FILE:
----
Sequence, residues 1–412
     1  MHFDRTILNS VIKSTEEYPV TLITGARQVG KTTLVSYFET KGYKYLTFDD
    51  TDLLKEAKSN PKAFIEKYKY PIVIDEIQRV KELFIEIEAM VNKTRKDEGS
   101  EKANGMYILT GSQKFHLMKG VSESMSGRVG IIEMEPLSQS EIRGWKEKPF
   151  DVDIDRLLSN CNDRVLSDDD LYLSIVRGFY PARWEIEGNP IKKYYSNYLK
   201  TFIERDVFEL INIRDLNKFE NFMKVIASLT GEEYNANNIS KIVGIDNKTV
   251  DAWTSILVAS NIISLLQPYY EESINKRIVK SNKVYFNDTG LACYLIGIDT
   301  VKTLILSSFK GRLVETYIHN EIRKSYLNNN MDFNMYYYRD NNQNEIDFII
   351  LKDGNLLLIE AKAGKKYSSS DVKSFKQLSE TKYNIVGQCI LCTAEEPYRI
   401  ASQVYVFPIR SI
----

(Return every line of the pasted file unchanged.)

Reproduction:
Sequence, residues 1–412
     1  MHFDRTILNS VIKSTEEYPV TLITGARQVG KTTLVSYFET KGYKYLTFDD
    51  TDLLKEAKSN PKAFIEKYKY PIVIDEIQRV KELFIEIEAM VNKTRKDEGS
   101  EKANGMYILT GSQKFHLMKG VSESMSGRVG IIEMEPLSQS EIRGWKEKPF
   151  DVDIDRLLSN CNDRVLSDDD LYLSIVRGFY PARWEIEGNP IKKYYSNYLK
   201  TFIERDVFEL INIRDLNKFE NFMKVIASLT GEEYNANNIS KIVGIDNKTV
   251  DAWTSILVAS NIISLLQPYY EESINKRIVK SNKVYFNDTG LACYLIGIDT
   301  VKTLILSSFK GRLVETYIHN EIRKSYLNNN MDFNMYYYRD NNQNEIDFII
   351  LKDGNLLLIE AKAGKKYSSS DVKSFKQLSE TKYNIVGQCI LCTAEEPYRI
   401  ASQVYVFPIR SI